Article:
Red River Floodway to operate Friday morning

Manitoba Infrastructure plans to operate the Red River Floodway on Friday morning, reducing the risk of flooding for low-lying Winnipeg properties.

Move reduces flood risk for 50 Winnipeg property owners informed of potential need to build sandbag dikes

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      Manitoba Infrastructure plans to operate the Red River Floodway on Friday morning, reducing the risk of flooding for low-lying Winnipeg properties.

      Earlier Thursday, ice on the Red River led the City of Winnipeg to begin preparing for a weekend flood crest that would be high enough to require the placement of sandbag dikes around up to 50 low-lying properties.

      Enough of that ice has moved off the Red River to allow the province to use the floodway to reduce river levels within the city. The floodway control structure will begin operating at 10 a.m. on Friday morning, Manitoba Infrastructure said in a release.

      The Red River was expected to crest in Winnipeg early Sunday morning. A flood warning has been issued for the lower Red River due to ice jams north of Winnipeg near Selkirk.

      "Water levels are significantly increasing across much of southern Manitoba, particularly on the Red River and Assiniboine River tributaries," stated a flood bulletin issued Thursday afternoon.

      Ice flows down the Red River in Winnipeg on Wednesday night. (CBC)
      The city is still preparing to deliver up to 75,000 sandbags to up to 50 properties, if the need remains.

      "We're in action mode today and we're confident that we'll be able to get the sandbags out and get the dikes built," said Ken Allen, a spokesman for Winnipeg's public works department.

      Under open-water conditions, the Red River is expected to peak at 19.1 feet above normal winter ice levels at James Avenue. That level, unofficially considered a moderate flood, is about 10 feet above the level of the Assiniboine riverwalk and is not high enough to threaten properties.

      Ice jams could have led the Red to peak at 20.8 feet James, which is considered a major flood and would require some precautionary deployment of sandbags. That level is similar to the crest of the 2011 spring flood.

      At 6 p.m., the Red River stood at 16.9 feet James.

      Flood protection is a "dynamic situation," said Chris Carroll, manager of wastewater services for the city.

      "It's weather driven, it's ice driven, it's driven by how much water is absorbed into the soil."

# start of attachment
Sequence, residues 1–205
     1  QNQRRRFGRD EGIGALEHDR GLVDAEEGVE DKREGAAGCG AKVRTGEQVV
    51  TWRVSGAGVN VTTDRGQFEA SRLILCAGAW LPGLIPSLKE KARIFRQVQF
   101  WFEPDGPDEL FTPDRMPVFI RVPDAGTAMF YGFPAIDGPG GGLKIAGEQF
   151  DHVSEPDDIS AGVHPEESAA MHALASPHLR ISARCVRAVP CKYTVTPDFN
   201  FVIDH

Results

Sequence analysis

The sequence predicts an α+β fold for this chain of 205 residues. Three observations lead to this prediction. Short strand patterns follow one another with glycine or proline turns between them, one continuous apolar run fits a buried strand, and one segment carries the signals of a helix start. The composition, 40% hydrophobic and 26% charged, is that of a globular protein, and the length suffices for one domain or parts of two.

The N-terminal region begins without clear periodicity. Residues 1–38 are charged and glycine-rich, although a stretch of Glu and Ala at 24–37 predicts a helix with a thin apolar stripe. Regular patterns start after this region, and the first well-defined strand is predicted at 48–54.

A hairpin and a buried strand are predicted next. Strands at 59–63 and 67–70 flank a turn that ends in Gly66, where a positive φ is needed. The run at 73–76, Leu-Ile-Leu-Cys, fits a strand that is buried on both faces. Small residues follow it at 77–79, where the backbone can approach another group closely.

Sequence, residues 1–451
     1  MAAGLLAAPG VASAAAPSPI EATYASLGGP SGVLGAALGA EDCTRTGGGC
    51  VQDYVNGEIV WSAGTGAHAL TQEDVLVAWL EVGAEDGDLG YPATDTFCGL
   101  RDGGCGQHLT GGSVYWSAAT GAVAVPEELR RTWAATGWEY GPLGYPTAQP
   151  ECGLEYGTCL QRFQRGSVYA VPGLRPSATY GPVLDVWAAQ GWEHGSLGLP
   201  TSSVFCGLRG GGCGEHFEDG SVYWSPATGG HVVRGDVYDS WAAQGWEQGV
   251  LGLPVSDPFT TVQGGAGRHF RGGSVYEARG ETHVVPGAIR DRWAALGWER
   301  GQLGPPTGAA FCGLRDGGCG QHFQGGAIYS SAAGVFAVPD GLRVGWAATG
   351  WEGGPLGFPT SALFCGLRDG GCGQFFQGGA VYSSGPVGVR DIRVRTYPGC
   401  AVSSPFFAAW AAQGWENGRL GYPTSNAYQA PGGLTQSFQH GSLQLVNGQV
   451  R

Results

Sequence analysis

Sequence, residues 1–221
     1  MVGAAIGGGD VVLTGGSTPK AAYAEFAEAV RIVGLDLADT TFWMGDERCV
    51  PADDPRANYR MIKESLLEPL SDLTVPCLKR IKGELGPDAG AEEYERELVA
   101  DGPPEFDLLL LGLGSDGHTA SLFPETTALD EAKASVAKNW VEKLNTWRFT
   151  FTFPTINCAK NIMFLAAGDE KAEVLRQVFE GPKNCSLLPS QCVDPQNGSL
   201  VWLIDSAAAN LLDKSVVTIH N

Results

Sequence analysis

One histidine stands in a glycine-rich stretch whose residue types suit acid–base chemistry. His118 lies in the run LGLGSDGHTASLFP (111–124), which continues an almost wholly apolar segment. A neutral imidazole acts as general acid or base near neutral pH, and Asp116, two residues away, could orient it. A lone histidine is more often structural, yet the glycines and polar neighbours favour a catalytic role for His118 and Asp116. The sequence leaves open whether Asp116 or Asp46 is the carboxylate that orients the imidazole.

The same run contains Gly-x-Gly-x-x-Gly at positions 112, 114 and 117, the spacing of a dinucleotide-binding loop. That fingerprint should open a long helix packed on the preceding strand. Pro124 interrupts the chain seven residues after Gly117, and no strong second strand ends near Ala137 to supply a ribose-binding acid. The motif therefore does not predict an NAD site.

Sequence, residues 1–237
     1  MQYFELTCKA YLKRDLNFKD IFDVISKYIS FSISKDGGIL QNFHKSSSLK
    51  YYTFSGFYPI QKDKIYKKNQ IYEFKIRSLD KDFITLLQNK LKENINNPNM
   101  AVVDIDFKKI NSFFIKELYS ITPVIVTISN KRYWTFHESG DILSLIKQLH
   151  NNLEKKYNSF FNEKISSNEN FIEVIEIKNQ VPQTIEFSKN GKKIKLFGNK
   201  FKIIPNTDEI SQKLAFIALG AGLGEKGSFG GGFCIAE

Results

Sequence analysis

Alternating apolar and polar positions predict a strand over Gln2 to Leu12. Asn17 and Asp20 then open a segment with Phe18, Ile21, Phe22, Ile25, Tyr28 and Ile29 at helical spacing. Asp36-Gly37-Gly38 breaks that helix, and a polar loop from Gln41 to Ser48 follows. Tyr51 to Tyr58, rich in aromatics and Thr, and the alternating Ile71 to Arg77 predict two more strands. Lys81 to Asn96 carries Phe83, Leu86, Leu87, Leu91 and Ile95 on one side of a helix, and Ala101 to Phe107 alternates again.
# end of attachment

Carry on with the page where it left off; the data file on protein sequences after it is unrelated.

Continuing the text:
Property owners being notified

      Notifications to sandbag were being hand delivered by city staff on Thursday. As of early afternoon, city officials had notified owners of a handful of properties on Cloutier Drive, Christie Road and Kingston Row, among other low-lying streets.

      If you are not notified, your property is not at risk of flooding, city officials said.

      For privacy reasons, the city will not publicly release a list of properties potentially at risk for flooding.

      At-risk homes are identified by a city software program called the flood manual, which identifies locations by combining factors such as elevation, the flows on the Red, Assiniboine and Seine rivers, weather forecasts and ice conditions.

      The number of properties at risk could rise or drop to zero, depending on weather and ice conditions, the city said.

      As the ice on the Red River moves north of the city, Highway 204 was closed just outside Selkirk by midday Thursday due to overland flooding.

      Highway 342 from Cypress River to one kilometre south of the junction with Highway 253 was also closed due to water on the road.

      Flood watches are in effect for the Fisher River and Pipestone Creek due to the potential for ice jams.

      The province says it has put flood-fighting equipment, such as pumps, steamers and backhoes, in areas where problems may arise, mostly in the southwest region.

      As well, provincial officials are in contact with municipal emergency co-ordinators.

      The worst flooding in the province is expected along the Souris River in southwestern Manitoba and along the lower Assiniboine River, downstream from the confluence of the Souris and Assiniboine, near Wawanesa.

      (CBC News Graphics)


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